Paul Lewis / Steven Osborne, Wigmore Hall, London

There’s something symbolic of friendship in the interplay of two pairs of hands on one instrument, and never more than in Schubert’s four-hand music.

He wrote his first such piece at thirteen, and spent much of his final year - while dying of typhoid, brought on by syphilis - producing an extraordinary series of four-hand masterpieces. These works were integral to his life: he was not a virtuoso like his hero Beethoven, and playing them with friends, in intimate gatherings, brought him more happiness.

Some of those friends were female pupils: one of his most inspired duets, the ‘Variations on an Original Theme in A flat’, was ostensibly written for the countesses Marie and Caroline Esterhazy, but with this piece Schubert probably nudged Marie aside to accompany her younger sister, whom he loved. And it was to Caroline that he dedicated the great ‘Fantasie in F minor’, which still towers above all other works in the four-hand repertoire.

Its practicalities are tricky. Schubert may not require hand-crossing gymnastics, but his players must maintain a subtle balance of tonal contrasts, with textures which are constantly in flux. The goal is not, as with Brahms’s four-hand works, two players melding as one, but a marriage in which two musical personalities retain their individuality. So one wondered exactly how Steven Osborne - best known for his Rachmaninov and Messiaen - would blend with Paul Lewis, Britain’s leading young Beethovenist, in this birthday tribute to Schubert.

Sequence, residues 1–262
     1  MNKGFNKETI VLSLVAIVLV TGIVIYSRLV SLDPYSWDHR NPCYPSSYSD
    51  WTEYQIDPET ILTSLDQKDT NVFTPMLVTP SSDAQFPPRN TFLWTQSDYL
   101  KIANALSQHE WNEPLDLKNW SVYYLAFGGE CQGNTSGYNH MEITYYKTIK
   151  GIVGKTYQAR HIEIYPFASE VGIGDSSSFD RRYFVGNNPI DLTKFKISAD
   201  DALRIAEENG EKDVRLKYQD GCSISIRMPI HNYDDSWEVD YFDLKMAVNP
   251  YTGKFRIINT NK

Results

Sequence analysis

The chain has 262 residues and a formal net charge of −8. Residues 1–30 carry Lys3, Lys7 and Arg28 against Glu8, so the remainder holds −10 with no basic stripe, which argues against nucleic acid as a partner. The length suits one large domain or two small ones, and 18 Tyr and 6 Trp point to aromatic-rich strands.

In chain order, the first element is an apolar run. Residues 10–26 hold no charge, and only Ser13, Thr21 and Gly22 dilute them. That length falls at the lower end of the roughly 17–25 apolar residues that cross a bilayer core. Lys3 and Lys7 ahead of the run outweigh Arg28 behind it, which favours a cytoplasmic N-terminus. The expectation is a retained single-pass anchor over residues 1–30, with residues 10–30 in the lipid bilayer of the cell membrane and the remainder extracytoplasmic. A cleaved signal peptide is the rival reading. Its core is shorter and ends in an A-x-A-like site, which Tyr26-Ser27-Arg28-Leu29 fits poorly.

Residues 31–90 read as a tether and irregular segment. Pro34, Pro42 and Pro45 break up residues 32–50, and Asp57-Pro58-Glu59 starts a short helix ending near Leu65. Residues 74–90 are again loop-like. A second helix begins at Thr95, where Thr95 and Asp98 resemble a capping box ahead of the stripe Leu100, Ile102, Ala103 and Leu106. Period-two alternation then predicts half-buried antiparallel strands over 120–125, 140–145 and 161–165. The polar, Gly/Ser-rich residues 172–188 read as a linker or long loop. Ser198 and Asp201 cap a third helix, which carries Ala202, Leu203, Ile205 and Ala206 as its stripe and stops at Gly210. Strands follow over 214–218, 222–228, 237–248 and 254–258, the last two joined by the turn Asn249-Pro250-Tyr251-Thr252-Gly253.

After the massive call-to-attention chord which opens the ‘Lebenssturme’ - ‘Storms of Life’ - Allegro, the pair launched into a brilliant synthesis, with Osborne’ filigree tracery weaving delicate patterns above Lewis’s powerful bass; in this performance the piece emerged as unusually fine-grained, while losing none of the requisite hurtling force.

The theme of the ‘Variations in B minor’, which followed, was wonderfully bleak and wistful, with its progressive embellishments seeming to emerge almost spontaneously, thanks to the rubato freedom each player allowed himself. If the ‘Fugue in E minor’ came across as a derivative curiosity - as a contrapuntalist, Schubert had absolutely nothing to add to Bach - the ‘Rondo in A’ had lovely grace.

After the interval the players switched positions, with fascinating results. Listening blind, as they played the ‘Fantasie in F minor’, you’d have said it was two other musicians. But the effect was no less magnificent than before.